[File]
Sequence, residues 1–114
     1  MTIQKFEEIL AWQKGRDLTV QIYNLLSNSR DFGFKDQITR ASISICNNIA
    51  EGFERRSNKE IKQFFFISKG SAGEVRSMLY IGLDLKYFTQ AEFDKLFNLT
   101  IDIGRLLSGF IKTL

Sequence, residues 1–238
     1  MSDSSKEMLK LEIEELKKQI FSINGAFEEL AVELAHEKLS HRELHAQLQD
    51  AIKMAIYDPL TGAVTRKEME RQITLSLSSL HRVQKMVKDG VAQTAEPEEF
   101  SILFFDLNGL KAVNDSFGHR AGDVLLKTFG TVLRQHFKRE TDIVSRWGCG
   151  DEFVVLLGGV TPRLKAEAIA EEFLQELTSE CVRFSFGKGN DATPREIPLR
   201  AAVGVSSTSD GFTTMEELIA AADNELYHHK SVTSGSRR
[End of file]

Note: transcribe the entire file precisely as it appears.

Sequence, residues 1–114
     1  MTIQKFEEIL AWQKGRDLTV QIYNLLSNSR DFGFKDQITR ASISICNNIA
    51  EGFERRSNKE IKQFFFISKG SAGEVRSMLY IGLDLKYFTQ AEFDKLFNLT
   101  IDIGRLLSGF IKTL

Sequence, residues 1–238
     1  MSDSSKEMLK LEIEELKKQI FSINGAFEEL AVELAHEKLS HRELHAQLQD
    51  AIKMAIYDPL TGAVTRKEME RQITLSLSSL HRVQKMVKDG VAQTAEPEEF
   101  SILFFDLNGL KAVNDSFGHR AGDVLLKTFG TVLRQHFKRE TDIVSRWGCG
   151  DEFVVLLGGV TPRLKAEAIA EEFLQELTSE CVRFSFGKGN DATPREIPLR
   201  AAVGVSSTSD GFTTMEELIA AADNELYHHK SVTSGSRR